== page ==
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5-min read

Asus ROG Zephyrus S GX531 Review: Proof That Gaming Notebooks no Longer Need to be Bulky

The Asus ROG Zephyrus S is a dream come true for someone looking for a powerful gaming notebook that is easy to lug around.

Kunal Khullar |

Updated:April 28, 2019, 10:38 PM IST
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Asus ROG Zephyrus S GX531 Review: Proof That Gaming Notebooks no Longer Need to be Bulky
The Asus ROG Zephyrus S is a dream come true for someone looking for a powerful gaming notebook that is easy to lug around.
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We are in a day and age where notebooks no longer have to be chunky to offer great gaming performance. Slim gaming laptops are getting close to becoming mainstream, if not affordable. I mean the purpose of having a laptop in the first place is the fact that it is portable. Nobody wants to lug around a 4-kilogram powerhouse on their shoulders. While one can rely on an ultraportable for less resource intensive workloads, you can’t play the latest AAA titles the way they are meant to be.

Asus aims at bringing the best of both worlds with the ROG Zephyrus S. It's a fairly slim 15-inch machine that weighs just 2.1kgs. Sure it's no MacBook Air, but having the new Nvidia GeForce RTX 2070 crammed into 16.15mm thick chassis is commendable.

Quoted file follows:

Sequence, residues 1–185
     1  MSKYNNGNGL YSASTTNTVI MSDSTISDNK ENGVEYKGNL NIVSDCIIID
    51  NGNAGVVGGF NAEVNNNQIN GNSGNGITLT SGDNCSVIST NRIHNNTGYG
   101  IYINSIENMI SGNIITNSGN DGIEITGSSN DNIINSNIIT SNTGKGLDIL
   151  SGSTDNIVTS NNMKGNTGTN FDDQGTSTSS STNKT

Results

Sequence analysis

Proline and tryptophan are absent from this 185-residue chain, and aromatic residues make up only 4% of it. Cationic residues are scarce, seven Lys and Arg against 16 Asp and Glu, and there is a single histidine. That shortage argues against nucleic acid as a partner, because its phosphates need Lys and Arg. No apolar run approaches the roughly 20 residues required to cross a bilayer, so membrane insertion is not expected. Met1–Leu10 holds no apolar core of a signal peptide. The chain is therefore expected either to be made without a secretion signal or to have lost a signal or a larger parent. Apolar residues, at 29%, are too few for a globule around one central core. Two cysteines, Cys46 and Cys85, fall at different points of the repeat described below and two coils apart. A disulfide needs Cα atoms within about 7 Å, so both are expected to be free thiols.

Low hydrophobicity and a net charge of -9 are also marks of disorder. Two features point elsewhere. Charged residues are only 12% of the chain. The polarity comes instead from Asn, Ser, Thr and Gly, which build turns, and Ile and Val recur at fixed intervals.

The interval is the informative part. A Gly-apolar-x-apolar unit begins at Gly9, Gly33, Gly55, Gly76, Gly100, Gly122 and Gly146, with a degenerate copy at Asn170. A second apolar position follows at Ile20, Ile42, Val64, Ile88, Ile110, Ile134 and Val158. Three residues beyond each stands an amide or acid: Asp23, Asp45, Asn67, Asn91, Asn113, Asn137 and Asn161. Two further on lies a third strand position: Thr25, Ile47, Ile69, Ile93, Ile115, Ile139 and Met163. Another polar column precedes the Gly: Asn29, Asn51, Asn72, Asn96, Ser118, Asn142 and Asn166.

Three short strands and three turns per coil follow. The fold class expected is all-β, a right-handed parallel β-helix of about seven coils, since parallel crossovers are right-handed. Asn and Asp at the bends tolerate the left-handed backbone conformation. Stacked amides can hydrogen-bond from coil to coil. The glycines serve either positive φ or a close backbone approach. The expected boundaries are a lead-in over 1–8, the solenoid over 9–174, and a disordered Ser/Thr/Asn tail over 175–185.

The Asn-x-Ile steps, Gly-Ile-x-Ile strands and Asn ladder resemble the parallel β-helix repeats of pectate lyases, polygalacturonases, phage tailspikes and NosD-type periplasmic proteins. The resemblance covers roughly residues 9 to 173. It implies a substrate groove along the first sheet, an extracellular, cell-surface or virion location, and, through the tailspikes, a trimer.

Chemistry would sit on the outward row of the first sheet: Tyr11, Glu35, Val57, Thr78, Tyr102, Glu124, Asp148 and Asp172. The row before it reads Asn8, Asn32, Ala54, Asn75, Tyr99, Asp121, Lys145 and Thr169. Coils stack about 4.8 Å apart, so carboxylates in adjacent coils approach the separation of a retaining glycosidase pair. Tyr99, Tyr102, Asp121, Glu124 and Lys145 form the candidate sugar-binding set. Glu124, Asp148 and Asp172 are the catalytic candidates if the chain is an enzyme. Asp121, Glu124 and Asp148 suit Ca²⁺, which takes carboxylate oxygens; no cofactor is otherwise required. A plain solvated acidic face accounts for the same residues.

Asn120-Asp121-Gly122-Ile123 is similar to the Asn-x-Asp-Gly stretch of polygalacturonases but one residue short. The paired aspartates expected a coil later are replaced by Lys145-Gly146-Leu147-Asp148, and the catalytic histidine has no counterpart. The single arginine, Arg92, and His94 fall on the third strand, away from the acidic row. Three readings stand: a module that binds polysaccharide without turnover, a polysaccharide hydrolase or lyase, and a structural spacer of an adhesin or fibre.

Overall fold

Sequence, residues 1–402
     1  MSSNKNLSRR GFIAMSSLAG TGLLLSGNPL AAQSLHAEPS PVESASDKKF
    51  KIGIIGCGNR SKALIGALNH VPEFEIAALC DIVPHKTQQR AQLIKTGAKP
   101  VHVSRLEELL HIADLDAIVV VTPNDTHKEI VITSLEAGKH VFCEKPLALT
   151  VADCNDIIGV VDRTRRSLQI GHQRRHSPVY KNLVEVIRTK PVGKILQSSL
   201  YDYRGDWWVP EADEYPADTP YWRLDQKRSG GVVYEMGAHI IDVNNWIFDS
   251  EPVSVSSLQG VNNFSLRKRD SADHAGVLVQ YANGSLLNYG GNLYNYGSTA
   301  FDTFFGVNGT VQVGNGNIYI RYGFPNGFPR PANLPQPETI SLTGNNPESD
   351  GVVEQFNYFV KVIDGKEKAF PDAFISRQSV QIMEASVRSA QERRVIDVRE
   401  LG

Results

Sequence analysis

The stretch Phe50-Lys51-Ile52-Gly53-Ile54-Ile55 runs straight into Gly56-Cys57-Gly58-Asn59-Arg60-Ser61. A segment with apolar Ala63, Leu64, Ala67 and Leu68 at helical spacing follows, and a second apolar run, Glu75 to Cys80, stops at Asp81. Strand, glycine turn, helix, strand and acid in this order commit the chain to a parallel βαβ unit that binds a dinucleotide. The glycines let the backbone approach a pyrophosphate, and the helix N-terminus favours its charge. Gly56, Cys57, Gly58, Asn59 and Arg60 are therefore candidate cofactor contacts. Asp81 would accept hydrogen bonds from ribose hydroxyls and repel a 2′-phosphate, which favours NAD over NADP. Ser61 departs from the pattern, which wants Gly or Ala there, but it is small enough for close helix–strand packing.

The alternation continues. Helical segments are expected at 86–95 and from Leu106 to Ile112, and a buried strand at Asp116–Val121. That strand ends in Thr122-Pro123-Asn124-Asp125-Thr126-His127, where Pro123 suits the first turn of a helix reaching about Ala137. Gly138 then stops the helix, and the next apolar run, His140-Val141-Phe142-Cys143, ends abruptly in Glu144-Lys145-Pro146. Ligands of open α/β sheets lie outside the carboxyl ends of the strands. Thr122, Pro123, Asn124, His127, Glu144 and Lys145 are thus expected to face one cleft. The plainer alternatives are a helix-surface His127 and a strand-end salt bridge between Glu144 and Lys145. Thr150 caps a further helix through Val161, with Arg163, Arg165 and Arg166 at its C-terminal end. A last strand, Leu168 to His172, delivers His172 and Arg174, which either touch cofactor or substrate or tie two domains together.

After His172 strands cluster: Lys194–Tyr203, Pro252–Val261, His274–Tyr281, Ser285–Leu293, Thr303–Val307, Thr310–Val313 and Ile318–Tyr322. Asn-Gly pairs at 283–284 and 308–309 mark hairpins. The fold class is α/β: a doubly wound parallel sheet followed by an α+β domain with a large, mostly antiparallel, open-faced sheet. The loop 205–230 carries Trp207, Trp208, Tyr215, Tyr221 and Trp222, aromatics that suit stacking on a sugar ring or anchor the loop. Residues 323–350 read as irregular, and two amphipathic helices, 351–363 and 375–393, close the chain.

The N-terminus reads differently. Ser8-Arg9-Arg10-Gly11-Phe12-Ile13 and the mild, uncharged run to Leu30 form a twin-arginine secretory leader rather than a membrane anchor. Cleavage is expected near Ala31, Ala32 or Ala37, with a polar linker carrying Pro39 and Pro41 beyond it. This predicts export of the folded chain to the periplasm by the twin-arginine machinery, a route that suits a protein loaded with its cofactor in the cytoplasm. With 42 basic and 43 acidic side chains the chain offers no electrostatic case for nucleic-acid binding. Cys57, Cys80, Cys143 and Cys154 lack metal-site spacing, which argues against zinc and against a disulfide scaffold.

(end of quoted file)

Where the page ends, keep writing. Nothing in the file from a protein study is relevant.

This is a premium gaming notebook and the design screams of it. The build quality is excellent thanks to the metal outer shell with a dark grey minimalistic finish with a brightly lit ROG logo. There is some plastic around the screen though and the keyboard deck and the lid aren’t entirely flex-free. Overall, I think the company has done a great job in not only shedding extra weight but maintaining a look that should please gamers. It not a flashy gaming machine, but offers a sleek, stealthy look.

The hinge mechanism seems very sturdy and the display opens up in a nice swift motion. That is where things seem to ‘different.’ The keyboard has been pulled down to the edges while the touchpad is moved to the right. This is because Asus has left space on top so that air can be pulled in from the top to improve cooling. Speaking of which, as you open the lid of the notebook, the bottom panel opens slightly from the back to let some extra air to go in. A unique signature design of the Zephyrus series which works for the most part and necessary to maintain the claim of being the ‘slimmest gaming notebook.’

Practically, it might help in dissipating heat, but using the Zephyrus S has a learning curve to it. Typing on a keyboard that is closer to the bottom edge isn’t very intuitive. Even getting to the touchpad took me time as I would always hit right in the middle of the keyboard, but that didn’t bother all that much as one would use a mouse anyway. Also, the touchpad doubles as a numpad with the press of a button. The bigger issue, however, is when you use it in your lap as the lack of palm support can get difficult. Also, the screen only goes back to about 110 degrees, limiting your angle of view.